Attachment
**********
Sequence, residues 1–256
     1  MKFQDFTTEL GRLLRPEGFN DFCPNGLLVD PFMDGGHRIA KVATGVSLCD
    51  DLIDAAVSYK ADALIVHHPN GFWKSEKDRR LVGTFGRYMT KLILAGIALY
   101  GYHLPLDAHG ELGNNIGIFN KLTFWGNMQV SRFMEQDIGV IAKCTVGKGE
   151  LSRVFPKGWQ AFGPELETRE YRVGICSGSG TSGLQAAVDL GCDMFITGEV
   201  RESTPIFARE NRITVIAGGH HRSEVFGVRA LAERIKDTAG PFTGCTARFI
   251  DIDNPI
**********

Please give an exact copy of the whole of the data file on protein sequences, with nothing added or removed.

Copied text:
Sequence, residues 1–256
     1  MKFQDFTTEL GRLLRPEGFN DFCPNGLLVD PFMDGGHRIA KVATGVSLCD
    51  DLIDAAVSYK ADALIVHHPN GFWKSEKDRR LVGTFGRYMT KLILAGIALY
   101  GYHLPLDAHG ELGNNIGIFN KLTFWGNMQV SRFMEQDIGV IAKCTVGKGE
   151  LSRVFPKGWQ AFGPELETRE YRVGICSGSG TSGLQAAVDL GCDMFITGEV
   201  RESTPIFARE NRITVIAGGH HRSEVFGVRA LAERIKDTAG PFTGCTARFI
   251  DIDNPI